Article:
• Consult your doctor before making changes to your diet, vitamins or OTC medications, because warfarin interacts with many things.
• Avoid alcohol.
• Take medication with a full glass of water at the same time every day, with or without food.
• Make sure your doctor knows before you have any dental work or surgeries.
• Carry an ID card that says you take warfarin in case of emergency.
• Store your medication away from moisture, heat or light.
• Tell your doctor if you are planning to get pregnant. Warfarin is not safe during pregnancy.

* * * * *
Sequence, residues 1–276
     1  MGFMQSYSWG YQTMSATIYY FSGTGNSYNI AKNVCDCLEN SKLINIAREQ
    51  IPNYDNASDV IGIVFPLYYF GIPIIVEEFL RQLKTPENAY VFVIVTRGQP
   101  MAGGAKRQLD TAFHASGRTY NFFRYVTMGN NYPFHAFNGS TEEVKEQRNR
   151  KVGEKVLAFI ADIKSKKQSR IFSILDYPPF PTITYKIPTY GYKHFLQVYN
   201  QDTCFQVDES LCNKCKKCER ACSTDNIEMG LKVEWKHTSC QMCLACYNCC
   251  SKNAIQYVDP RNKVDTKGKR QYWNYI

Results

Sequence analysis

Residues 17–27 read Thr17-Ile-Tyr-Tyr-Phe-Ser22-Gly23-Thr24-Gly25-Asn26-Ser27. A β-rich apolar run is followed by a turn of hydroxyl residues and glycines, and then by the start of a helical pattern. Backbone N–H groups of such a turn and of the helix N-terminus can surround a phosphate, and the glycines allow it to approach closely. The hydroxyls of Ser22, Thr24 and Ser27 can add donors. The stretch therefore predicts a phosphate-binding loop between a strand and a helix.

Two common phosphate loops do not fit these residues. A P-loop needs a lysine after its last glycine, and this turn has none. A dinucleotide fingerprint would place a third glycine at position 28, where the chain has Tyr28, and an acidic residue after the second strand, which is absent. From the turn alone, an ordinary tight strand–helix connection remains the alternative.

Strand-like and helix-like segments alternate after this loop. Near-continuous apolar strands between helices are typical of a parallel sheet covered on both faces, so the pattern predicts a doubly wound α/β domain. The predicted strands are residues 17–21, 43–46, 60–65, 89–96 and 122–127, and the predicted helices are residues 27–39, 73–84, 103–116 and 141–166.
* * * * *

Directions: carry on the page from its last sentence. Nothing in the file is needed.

What Should I Watch Out For?
If you notice unusual bleeding, such as blood in your urine or stool; if you're coughing up or vomiting blood; or if you have unexplained severe bruising, skin color changes, headache, dizziness, reoccurring nosebleeds, or heavier than normal menstrual bleeding, seek medical attention. There are specific instructions on how you can manage each medication, so talk to your doctor or pharmacist for more details.
Note: This article was originally published on Dec. 14, 2012 on PharmacyTimes.com. It has been edited and republished by U.S. News.